World Journal of Cardiovascular Diseases
Vol.09 No.07(2019), Article ID:93722,12 pages

Caffeine and Reactive Hyperemia

Gary F. Merrill*, Denisa M. Costea, Victoria A. Sharp

Department of Cell Biology and Neuroscience, Division of Life Sciences, School of Arts and Sciences, Rutgers University, Nelson Biological Laboratories, Piscataway, NJ, USA

Copyright © 2019 by author(s) and Scientific Research Publishing Inc.

This work is licensed under the Creative Commons Attribution International License (CC BY 4.0).

Received: May 9, 2019; Accepted: July 15, 2019; Published: July 18, 2019


The physiological/pathophysiological effects of caffeine on the human cardiovascular system have not been investigated by physiologists and are poorly understood. In a world where caffeinated beverages are evidently the adult’s drug of choice (coffee, energy drinks, soda, tea) investigating their effects on the physiology of the cardiovascular system is of considerable importance. In this experiment, we investigated caffeine, taken orally as a tablet, on reactive hyperemia, a form of local control of blood flow. Young adults between the ages of 18 and 21 years were the experimental subjects. They were instrumented to monitor systemic arterial blood pressure, peripheral blood flow, calculated peripheral vascular resistance, heart rate and an electrocardiogram during a reactive hyperemia maneuver in the absence and presence of caffeine. Caffeine-mediated peripheral vasoconstriction was observed as early as 15 minutes after its consumption. Forty-five minutes later (60 min after consumption of caffeine) peripheral vasoconstriction was so prominent that reactive hyperemia was abolished. This was reflected, in part, as a marked and significant reduction in post-ischemia reactive hyperemia that accompanied a 2.5-fold increase in peripheral vascular resistance (P < 0.05). Heart rate was unaffected by caffeine under our experimental conditions. We conclude that caffeine has the ability to inhibit important cardiovascular properties, including reactive hyperemia. If the effects that were seen in a digit are indicative of what caffeine might do in the heart and/or brain, then one has to question the wisdom of regularly consuming caffeine. More experimental physiological and pharmacological investigation is needed.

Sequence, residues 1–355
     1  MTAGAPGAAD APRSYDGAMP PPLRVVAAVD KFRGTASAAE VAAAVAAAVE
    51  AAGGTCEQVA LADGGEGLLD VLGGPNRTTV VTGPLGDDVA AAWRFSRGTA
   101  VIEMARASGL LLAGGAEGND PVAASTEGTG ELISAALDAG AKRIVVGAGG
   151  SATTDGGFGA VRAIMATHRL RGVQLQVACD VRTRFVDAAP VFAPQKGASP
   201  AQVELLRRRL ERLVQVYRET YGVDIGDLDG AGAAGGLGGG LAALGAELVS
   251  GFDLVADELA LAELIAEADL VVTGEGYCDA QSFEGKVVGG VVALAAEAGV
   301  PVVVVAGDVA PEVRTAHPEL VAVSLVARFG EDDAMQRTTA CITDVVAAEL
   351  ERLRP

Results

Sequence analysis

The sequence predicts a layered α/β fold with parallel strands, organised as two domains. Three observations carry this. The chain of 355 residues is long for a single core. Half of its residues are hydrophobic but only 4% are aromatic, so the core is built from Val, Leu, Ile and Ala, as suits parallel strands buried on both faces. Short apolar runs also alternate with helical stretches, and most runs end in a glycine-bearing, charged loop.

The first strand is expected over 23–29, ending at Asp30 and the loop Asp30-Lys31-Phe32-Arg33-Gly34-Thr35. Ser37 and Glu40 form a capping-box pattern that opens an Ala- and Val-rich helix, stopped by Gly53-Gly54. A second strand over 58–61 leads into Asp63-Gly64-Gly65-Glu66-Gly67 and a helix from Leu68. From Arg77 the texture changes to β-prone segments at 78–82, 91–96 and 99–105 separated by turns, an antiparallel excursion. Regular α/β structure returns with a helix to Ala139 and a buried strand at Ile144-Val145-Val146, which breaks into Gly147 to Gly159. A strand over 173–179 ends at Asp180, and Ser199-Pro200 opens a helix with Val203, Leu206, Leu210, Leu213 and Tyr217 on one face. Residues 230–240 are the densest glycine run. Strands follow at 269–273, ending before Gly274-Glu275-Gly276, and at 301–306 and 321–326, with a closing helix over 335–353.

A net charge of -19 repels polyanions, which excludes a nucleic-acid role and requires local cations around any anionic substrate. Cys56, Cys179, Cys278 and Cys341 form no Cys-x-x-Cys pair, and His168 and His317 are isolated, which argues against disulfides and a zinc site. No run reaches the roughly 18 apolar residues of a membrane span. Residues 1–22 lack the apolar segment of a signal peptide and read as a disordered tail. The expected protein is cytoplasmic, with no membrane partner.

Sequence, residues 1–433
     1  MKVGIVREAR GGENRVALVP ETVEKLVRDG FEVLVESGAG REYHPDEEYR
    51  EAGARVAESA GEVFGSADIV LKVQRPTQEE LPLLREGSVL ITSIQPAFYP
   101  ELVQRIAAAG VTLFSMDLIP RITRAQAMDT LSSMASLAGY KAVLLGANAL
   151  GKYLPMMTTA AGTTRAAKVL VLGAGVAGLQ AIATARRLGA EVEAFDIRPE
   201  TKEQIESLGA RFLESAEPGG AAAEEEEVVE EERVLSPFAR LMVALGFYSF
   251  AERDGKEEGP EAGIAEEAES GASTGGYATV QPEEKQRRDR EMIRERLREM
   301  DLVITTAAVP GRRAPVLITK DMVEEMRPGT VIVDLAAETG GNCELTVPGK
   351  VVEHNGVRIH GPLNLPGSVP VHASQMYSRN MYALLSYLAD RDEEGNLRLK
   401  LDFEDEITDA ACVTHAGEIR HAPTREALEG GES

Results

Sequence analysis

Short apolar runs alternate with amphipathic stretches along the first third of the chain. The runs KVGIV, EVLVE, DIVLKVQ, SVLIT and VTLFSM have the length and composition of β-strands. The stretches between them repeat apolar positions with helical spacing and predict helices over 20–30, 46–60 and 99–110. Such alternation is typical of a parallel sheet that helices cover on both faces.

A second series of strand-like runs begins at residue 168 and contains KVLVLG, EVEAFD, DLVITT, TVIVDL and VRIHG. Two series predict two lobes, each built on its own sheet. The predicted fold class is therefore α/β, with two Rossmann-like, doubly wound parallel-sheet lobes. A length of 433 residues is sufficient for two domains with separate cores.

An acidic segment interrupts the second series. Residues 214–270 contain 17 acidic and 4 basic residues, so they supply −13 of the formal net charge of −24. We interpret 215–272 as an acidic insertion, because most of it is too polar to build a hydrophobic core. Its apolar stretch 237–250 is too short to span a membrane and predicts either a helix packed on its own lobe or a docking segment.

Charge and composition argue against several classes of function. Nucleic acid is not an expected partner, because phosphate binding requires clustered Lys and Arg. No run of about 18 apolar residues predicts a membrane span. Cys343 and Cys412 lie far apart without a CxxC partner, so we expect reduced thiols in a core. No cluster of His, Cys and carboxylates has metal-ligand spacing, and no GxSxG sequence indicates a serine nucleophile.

Cardiovascular System, Physiological/Pathophysiological Effects, Caffeine

1. Introduction